Bush's Bill Suffers a Torturous Day in Committee
House Judiciary Chairman James Sensenbrenner (R-Wis.), fighting to preserve the use of harsh interrogation techniques, speaks with some authority on the subject: He was subjected to seven hours of cruel and unusual punishment as he tried to get the legislation through his committee yesterday.
First came the cruel: As the point man for the Bush administration's military-trials bill -- which would permit questioning methods some regard as torture -- Sensenbrenner saw the legislation come within one vote of collapsing in favor of a Democratic version, despite a six-vote Republican majority on the committee.
Then came the inhuman: Sensenbrenner's bill, in a second vote, failed by three votes when several of his fellow Republicans failed to show up for the roll call or voted with the Democrats.
And finally, the degrading: Sensenbrenner endured a walkout by committee Democrats, then went through the awkward process of restaging a series of votes until the result was more to his liking. Even then, President Bush's plan survived by a single vote.
"A good day's work for a good day's pay," the chairman said wryly when he finally gaveled the session to a close.
It was, in all, a tough day for the jowly, red-faced chairman, who had insisted that the legislation go through his committee against House leaders' wishes. Nor was it one of the finest days for House Republicans, who proved that, on the subject of torture, they could tie themselves in knots just as easily as their colleagues in the Senate, where the Bush bill is in a stalemate with one backed by Sen. John McCain (R-Ariz.) and friends.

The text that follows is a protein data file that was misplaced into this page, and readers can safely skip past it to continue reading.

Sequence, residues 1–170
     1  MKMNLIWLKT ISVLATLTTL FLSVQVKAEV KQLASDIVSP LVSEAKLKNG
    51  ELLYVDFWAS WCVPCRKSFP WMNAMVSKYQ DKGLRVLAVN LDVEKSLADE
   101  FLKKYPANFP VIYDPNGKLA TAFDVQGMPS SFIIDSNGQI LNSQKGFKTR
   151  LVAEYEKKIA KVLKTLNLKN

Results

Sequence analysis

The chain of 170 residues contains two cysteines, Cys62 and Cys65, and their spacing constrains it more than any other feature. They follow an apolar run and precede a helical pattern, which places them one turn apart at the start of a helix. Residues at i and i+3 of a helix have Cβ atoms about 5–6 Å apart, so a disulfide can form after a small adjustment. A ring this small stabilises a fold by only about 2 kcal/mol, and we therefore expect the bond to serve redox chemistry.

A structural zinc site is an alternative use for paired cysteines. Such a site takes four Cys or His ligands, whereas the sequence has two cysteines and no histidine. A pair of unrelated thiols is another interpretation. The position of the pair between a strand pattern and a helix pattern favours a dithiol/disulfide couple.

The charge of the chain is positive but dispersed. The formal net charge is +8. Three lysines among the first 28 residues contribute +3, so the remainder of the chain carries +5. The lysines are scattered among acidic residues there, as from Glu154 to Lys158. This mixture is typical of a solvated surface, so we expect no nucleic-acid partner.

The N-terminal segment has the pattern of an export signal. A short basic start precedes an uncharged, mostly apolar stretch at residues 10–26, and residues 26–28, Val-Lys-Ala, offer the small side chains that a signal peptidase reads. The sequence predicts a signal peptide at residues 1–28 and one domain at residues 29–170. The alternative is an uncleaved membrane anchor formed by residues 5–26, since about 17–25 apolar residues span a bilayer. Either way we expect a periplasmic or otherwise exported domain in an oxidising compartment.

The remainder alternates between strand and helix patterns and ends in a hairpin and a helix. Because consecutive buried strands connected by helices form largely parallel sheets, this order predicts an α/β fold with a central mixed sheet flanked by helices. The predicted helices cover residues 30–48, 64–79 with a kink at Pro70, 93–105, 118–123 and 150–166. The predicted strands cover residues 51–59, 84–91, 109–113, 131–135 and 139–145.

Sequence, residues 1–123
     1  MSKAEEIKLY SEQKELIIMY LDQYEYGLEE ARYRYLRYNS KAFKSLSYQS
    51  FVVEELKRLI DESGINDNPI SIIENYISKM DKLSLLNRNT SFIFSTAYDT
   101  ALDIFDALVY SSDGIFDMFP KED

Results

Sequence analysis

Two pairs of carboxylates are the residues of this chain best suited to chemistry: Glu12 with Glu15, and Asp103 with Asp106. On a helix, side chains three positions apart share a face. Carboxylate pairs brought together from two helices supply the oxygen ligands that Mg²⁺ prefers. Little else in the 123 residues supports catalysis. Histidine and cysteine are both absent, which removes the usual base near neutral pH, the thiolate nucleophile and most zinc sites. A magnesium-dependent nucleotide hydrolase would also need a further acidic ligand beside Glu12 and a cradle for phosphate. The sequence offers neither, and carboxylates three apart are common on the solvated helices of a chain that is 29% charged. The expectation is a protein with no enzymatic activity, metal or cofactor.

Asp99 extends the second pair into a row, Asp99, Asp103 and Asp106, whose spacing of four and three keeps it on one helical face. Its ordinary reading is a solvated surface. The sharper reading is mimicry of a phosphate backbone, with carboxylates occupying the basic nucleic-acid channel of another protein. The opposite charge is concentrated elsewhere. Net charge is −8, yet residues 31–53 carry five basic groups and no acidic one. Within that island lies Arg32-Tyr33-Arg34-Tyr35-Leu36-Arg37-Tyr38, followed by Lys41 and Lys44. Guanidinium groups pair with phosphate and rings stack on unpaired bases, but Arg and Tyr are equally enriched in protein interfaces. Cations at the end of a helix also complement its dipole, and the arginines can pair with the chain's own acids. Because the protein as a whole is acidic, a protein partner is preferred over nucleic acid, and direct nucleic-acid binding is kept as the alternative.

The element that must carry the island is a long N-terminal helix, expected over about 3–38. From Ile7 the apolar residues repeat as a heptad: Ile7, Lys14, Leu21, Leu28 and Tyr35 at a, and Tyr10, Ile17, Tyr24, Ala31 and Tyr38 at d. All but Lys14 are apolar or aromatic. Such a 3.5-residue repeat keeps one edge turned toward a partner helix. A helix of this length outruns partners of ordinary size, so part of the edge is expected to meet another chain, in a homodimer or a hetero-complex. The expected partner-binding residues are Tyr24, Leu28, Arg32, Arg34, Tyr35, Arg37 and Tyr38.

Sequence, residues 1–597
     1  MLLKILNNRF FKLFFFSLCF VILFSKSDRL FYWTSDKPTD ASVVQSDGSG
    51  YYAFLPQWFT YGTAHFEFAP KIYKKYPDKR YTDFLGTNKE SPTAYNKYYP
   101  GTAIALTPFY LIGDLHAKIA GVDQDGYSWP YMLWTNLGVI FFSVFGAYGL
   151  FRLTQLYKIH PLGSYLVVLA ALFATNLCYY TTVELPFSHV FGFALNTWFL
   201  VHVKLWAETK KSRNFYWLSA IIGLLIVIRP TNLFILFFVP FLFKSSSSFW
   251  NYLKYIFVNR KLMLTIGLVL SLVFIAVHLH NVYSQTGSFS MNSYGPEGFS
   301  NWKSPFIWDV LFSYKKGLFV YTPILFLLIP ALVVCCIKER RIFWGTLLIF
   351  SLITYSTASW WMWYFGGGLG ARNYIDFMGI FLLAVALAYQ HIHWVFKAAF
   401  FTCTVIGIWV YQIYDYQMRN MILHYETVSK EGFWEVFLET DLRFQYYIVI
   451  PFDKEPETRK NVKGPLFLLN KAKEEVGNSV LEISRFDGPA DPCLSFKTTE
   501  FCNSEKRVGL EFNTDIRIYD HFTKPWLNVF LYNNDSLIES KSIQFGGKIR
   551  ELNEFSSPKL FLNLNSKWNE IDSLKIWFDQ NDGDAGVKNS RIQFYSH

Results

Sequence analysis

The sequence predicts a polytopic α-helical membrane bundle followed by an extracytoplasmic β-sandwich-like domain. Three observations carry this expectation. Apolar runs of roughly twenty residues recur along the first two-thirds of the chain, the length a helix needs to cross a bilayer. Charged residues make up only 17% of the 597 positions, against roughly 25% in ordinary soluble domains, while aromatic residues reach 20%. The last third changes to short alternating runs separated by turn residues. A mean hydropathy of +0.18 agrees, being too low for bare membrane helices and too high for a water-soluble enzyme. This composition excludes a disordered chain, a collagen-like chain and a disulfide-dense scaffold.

Confronted with one of the weightiest issues of the times -- whether to reinterpret the Geneva Conventions' torture prohibitions -- the committee members quickly retreated to the familiar terrain of extraneous and off-point arguments.
Rep. Jerry Nadler (N.Y.), leading the debate for the Democrats, asked to put into the record an article written by a former prisoner of the KGB about techniques such as sleep deprivation that the Bush plan could allow.
"Objection," the chairman growled, without explaining himself or looking up from his newspaper.
But the talk of sleep deprivation caused Rep. Steve Chabot (R-Ohio) to stir. "Detainees are entitled to a full eight hours of sleep and cannot be awakened for interrogation," he said. "The average inmate gained about 15 pounds, was receiving better medical care by far, dental care, you name it: being given a Koran, they pray five times a day, there's an arrow on the floor in each of the rooms . . . so they know which way Mecca is so they can pray accordingly."
Sensenbrenner responded with a deep cough. Rep. Tom Feeney (R-Fla.) set about building a straw man. "We just heard that not guaranteeing eight hours of sleep in Guantanamo has been interpreted by some as inhumane," he said.
"Who?" demanded Rep. William Delahunt (D-Mass.), for nobody had said such a thing.